SET TEMPORARY OPTION blocking_others_timeout = '5000';


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Save lives using your computer and phone with the World Community Grid

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Help save lives today and join my team Apraxia Kids

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Video: Korn Shell A Little About Arrays/Lists

Video by bjamesm70

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HOWTO: Korn Shell / BASH: How to determine if a string is numeric or not

Occasionally we run across something that should be simple. Checking whether a string is a number or not for example.

special_CHAR ‘(‘ pattern ‘)’

The special_CHAR is a prefix that changes the number of characters expected:

‘*’ for zero or more matches
‘+’ at least one match
‘@’ for exactly one match
‘?’ for zero or one matches
‘!’ for negation

The following will match one or more digits:


See POSIX Character Classes regarding the use of [:digit:]

Below is an example function to determine if a string is numeric written in Korn Shell 93 but will also work in BASH.

The criteria we’re using is based on the US standard of numbers:
and so on

Obviously we could expand this out to handle commas or other separators without too much difficulty.


function is_numeric {
    typeset TMP_STR="$1"
    typeset -i TMP_IS_NUMERIC

    if [[ "$TMP_STR" == +([[:digit:]])?(.*([[:digit:]])) ]]; then
        echo "'$TMP_STR' is numeric"
        echo "'$TMP_STR' is not numeric"

for TMP_STRING in "TEST_VAR" "22" "TRUE1" "TRUE3TRUE" "12.345" ""; do
    is_numeric "$TMP_STRING"


$ ./test_regex.ksh
'TEST_VAR' is not numeric
'22' is numeric
'TRUE1' is not numeric
'TRUE3TRUE' is not numeric
'12.345' is numeric
'' is not numeric

See Finnbarr P. Murphy’s blog for more examples of using regular expressions in Korn Shell 93

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IQ Error: The multiplex server ‘iq_node_3’ is not included in the multiplex – SOLVED

When you run SAP’s IQ Multiplex cluster for a while you start finding little gotchas that will just drive you to drink. If you don’t drink, you will wish you do. (Just like with any other cluster system)

In my latest foray into the murky waters of IQ Multiplex (v16), if one of the nodes if offline for a while, the coodinator node will mark the node as excluded so the cluster carries on. Not really a big deal until you try to bring up the problem node:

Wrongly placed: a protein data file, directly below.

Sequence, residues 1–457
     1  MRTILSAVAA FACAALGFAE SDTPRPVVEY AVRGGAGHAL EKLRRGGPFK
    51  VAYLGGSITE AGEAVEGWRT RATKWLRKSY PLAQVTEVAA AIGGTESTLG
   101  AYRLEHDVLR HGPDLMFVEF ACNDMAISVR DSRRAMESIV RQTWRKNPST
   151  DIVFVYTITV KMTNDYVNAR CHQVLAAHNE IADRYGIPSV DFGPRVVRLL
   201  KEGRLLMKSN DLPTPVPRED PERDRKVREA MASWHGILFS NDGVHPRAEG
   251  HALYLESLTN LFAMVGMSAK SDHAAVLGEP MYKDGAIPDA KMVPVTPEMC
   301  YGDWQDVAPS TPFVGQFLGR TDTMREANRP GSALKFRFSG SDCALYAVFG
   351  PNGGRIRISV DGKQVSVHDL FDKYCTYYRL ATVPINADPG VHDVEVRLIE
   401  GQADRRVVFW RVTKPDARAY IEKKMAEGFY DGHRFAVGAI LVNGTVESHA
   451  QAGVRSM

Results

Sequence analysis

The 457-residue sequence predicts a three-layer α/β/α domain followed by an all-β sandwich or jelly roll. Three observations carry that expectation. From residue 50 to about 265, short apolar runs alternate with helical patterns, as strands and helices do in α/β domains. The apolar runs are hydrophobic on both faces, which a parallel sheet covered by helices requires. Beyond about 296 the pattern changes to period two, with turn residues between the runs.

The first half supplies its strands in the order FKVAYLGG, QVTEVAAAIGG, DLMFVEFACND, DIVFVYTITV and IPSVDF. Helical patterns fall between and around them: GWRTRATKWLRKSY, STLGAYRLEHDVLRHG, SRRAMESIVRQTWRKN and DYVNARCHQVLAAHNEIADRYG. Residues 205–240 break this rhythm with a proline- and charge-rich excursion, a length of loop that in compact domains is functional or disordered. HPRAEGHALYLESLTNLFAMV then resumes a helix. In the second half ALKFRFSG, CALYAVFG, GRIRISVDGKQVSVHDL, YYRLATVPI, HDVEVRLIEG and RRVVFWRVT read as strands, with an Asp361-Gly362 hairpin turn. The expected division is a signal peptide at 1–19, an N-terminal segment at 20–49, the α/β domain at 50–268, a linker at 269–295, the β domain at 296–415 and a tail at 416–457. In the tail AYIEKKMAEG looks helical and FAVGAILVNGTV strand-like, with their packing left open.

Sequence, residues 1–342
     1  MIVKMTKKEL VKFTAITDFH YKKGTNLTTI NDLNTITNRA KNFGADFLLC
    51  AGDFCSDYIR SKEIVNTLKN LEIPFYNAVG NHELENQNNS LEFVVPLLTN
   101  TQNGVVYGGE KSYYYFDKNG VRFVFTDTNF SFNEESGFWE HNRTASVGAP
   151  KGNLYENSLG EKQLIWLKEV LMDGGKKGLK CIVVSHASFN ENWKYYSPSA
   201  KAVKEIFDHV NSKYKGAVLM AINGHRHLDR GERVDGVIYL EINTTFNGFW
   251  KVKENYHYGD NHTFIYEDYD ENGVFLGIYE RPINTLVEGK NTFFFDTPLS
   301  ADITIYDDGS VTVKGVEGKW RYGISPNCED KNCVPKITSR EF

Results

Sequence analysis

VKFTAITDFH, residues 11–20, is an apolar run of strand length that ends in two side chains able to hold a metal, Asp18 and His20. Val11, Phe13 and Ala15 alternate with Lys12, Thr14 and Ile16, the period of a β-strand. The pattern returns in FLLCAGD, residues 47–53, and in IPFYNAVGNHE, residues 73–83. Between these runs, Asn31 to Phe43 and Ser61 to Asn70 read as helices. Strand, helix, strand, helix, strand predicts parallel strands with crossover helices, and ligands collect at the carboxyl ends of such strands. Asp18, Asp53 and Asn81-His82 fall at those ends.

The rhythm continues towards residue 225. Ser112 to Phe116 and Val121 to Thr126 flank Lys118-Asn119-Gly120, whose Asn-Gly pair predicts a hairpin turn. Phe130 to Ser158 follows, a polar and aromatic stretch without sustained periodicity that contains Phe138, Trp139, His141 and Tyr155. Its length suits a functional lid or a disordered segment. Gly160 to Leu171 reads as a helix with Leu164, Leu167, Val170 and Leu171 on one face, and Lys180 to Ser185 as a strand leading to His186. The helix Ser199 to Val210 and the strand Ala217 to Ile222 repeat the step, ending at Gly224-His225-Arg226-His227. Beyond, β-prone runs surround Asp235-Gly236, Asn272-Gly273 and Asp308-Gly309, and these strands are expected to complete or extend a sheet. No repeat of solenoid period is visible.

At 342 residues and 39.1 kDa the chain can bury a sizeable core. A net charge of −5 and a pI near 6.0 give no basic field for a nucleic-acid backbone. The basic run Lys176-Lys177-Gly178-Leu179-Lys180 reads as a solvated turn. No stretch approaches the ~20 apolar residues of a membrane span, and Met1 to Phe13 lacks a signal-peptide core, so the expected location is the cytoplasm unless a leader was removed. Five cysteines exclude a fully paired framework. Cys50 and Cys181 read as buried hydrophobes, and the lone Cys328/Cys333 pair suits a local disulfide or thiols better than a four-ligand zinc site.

I. 02/09 10:31:45. Database server stopped at Tue Feb 09 2016 10:31
Unable to start specified database: autostarting database failed
Exception Thrown from stcxtlib/st_database.cxx:10050, Err# 21, tid 2 origtid 2
   O/S Err#: 0, ErrID: 5120 (st_databaseException); SQLCode: -1013113, SQLState: 'QNA49', Severity: 14
[22016]: The multiplex server 'iq_node_3' is not included in the multiplex.
-- (stcxtlib/st_database.cxx 10050)

Error: The multiplex server 'iq_node_3' is not included in the multiplex. The multiplex server 'iq_node_3' is not included in the multiplex.
Server failed to start

2016-02-09-10:31:46 Start of IQ instance iq_mpx_cluster1 failed

Log into the coordinator node, in my case iq_node_1, and run

select server_name, status, mpx_mode, inc_state from sp_iqmpxinfo();
server_name        status   mpx_mode         inc_state
iq_node_1          included coordinator      N/A
iq_node_2          included writer           active
iq_node_3          excluded unknown           timed_out

As you can see, the iq_node_3 node is excluded due to the connection to it from the coordinator timed out. What to do? Simple, first we re-include the node (on the coordinator):

alter multiplex server iq_node_3 status included;

Next we need to resync iq_node_3:

Resync IQ secondary node

The problem node should start up just fine now.

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Microsoft OneNote for Pros – Smart Note-Taking Tips

Learn how you can use hot keys, insert and use Audio/Video, integrate Excel, and check changes/versions to a doc through the history tab to be more productive in OneNote. Work Smart brings tips/tricks from Microsoft IT that improve digital productivity and help create an all-digital culture within Microsoft.

Getting into OneNote now…..

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I was using OneNote like a neanderthal. Now I know better :)

David Smith shows how to use Microsoft’s OneNote so that it is actually useful

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HOWTO: So you want to work on production systems? Lessons I’ve learned over the years. Please learn them

1) never implement a change control without ALL the approvals (in writing documented in the change control)
2) always have a minimum of two database thresholds (if your DBMS supports threshold actions)
3) always communicate with the team what is being changed and why (document the sh*t out of it – CYA)
4) always verify the change was implemented correctly (verification should be another person if possible) and exhibits the correct behavior afterwards. Be ready to back out the change
5) production changes should only occur no less than one week after non-prod. Let it bake in and monitor it carefully
6) the change control should have all the steps:

a) explicitly state which systems are effected
b) provide snapshot of the state of the database (database or table backup, options, etc)
c) include any dml/ddl code that will take place and expected results (when performed store the output within the change control if possible)
d) implementor verification (did it work? any issues?)
e) *ANOTHER PERSON* performs another verification
f) include back out steps. How long will the back out take?

7) if the change control goes bad, there should be enough time to back out the change within the maintenance window. *always* get the manager on duty to sign off that the change had to be backed out.

We all have to learn the lessons the hard way it seems.